Logging, which was always an important part of the island economy, greatly increased with the formation of the Beaver Island Logging Company in 1901. Docks, housing, railroads and a mill impacted the local scenery, while fishing continued as the primary economic activity. Another decrease of the fish population in the 1940s caused most of the residents to leave the island in search of jobs but by the 1970s, tourism renewed interest in the Island.

Today, you can still visit this island with its interesting history. Getting there is part of the adventure. You can go either by ferry or plane from Charlevoix, Michigan. There are actually two airlines serving Beaver Island daily year-round and the car ferry service runs from April to around Christmas. You can explore the island and see Beaver Head Island Lighthouse, built in 1858, which has been a school since 1975. You can go to Kilty’s Point and catch a beautiful sunrise, or if you’re more of a night-owl, head to the public beach on Donegal Bay, on the island’s northwest tip. Here, you can view the sparkling Milky Way clearly, due to civilization-free dark skies, and with a little luck, you can even see the Northern Lights if the conditions are right.  Charter a fishing trip, take a ride in a kayak, canoe, or bike, then raise your glass in true Irish style at one of the many pubs or restaurants on the island. No matter what you enjoy you will find something to peak your interest in this beautiful Michigan paradise.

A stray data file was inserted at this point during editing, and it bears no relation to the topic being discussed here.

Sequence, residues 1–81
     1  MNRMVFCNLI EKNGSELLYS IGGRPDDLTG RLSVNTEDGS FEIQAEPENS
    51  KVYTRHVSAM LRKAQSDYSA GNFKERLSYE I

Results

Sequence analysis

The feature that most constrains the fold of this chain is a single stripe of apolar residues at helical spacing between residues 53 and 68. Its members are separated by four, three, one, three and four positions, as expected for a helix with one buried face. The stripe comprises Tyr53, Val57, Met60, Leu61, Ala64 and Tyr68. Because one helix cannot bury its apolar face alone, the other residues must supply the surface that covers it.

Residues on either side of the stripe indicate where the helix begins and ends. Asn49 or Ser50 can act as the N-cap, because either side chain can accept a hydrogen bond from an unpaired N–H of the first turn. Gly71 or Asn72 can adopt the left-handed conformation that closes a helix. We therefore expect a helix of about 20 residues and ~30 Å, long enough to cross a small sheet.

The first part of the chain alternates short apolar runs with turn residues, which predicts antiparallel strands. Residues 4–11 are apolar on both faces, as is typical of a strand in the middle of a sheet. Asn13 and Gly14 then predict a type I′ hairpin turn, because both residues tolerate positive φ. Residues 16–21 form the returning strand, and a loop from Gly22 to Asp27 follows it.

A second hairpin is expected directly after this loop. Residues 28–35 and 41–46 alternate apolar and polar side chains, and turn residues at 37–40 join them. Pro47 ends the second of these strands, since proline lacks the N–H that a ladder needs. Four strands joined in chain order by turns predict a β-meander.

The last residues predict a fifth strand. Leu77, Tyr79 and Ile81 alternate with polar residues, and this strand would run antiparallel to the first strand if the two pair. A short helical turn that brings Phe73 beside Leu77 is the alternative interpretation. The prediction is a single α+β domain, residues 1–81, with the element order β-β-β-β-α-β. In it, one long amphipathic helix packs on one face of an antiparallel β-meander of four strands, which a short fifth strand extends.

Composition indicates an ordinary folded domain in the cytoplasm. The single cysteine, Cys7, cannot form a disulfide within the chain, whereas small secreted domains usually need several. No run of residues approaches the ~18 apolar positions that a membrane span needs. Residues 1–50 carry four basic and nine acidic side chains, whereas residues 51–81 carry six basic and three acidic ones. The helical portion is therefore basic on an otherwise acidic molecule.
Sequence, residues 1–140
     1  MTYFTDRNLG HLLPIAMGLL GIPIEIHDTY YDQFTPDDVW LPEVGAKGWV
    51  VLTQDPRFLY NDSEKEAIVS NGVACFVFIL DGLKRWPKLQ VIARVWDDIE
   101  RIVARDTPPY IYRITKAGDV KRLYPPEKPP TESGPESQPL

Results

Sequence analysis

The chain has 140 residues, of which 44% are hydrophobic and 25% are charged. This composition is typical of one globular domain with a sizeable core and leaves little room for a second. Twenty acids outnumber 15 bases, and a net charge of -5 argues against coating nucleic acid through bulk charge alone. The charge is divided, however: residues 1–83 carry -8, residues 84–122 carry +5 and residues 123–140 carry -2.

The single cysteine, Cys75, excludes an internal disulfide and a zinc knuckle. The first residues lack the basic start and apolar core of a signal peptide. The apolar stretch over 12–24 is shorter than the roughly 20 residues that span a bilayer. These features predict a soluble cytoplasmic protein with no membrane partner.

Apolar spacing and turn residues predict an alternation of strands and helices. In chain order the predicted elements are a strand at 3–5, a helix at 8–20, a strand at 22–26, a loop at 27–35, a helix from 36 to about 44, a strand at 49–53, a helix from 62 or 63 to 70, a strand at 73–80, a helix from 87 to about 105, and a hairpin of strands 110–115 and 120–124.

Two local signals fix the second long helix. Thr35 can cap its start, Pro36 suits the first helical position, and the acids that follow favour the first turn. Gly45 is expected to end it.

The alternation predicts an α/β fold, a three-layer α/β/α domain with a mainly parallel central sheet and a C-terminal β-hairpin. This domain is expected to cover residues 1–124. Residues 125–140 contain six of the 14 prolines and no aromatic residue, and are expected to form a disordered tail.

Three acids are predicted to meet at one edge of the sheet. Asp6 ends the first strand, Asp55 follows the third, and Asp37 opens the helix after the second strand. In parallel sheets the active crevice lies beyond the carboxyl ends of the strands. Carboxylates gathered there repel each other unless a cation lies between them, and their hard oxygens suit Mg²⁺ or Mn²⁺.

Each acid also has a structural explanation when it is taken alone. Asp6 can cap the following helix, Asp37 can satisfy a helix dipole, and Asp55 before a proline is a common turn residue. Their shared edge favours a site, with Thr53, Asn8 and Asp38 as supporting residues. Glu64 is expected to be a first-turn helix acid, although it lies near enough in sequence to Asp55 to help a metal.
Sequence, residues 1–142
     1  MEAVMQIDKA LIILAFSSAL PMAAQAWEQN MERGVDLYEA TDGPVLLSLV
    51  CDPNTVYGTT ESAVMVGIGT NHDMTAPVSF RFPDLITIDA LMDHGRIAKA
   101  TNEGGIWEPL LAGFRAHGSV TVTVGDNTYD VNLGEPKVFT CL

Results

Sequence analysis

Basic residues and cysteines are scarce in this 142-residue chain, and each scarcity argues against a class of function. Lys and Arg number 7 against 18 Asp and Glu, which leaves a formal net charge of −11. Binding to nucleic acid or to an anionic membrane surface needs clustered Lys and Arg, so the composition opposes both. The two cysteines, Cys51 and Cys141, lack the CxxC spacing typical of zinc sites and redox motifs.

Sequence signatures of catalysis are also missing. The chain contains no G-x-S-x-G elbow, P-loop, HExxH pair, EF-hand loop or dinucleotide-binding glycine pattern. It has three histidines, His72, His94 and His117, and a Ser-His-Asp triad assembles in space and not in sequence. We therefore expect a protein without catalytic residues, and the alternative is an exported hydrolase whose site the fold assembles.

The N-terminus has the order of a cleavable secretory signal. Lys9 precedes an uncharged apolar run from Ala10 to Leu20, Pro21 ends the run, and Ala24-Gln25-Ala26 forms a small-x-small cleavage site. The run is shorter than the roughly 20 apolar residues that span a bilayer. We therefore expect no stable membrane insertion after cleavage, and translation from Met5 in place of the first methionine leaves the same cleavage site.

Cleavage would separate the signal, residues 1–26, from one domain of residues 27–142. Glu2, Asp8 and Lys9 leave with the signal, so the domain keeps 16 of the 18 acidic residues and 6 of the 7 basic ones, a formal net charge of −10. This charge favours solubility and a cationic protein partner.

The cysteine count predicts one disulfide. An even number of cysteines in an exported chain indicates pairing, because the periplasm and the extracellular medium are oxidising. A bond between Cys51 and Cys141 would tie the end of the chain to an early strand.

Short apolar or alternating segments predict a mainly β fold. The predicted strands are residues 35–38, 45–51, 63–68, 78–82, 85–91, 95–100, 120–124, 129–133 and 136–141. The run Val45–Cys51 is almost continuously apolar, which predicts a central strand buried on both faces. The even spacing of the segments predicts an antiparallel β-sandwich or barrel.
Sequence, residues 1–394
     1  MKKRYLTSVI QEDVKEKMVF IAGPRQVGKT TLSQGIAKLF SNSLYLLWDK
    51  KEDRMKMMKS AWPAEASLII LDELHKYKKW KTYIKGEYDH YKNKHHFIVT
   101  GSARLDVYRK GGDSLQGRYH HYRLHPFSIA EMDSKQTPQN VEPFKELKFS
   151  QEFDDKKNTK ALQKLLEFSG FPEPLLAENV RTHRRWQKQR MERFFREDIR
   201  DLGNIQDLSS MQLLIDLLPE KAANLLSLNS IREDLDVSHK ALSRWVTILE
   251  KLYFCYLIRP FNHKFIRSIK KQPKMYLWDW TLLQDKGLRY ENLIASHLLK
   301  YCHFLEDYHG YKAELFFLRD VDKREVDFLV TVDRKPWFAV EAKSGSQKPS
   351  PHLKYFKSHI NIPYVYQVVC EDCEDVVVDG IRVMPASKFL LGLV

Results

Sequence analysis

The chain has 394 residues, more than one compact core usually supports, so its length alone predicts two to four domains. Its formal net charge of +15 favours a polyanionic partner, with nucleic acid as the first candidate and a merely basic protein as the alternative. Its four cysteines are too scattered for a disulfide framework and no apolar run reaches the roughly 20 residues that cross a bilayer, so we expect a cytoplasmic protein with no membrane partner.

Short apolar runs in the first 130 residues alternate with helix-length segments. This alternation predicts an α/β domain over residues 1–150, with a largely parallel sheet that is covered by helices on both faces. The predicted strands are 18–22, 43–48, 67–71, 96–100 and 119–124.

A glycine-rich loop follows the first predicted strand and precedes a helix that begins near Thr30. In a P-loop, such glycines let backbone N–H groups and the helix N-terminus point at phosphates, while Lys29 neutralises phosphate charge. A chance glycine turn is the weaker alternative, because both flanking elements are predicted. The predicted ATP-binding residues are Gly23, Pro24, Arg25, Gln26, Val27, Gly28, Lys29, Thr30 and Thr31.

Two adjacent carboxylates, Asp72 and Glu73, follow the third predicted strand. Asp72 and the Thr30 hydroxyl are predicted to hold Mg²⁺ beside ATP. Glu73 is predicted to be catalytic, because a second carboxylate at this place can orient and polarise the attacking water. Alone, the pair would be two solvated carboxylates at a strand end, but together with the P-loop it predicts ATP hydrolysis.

Author: Erica Emelander

BMN contributor, Erica Marie LaPres Emelander, currently resides in Grand Rapids West Michigan. She is a teacher, as well as an author of historic fiction under the pen name Marie LaPres. Visit her website to learn more about her books and follow her on Facebook, Twitter, or Instagram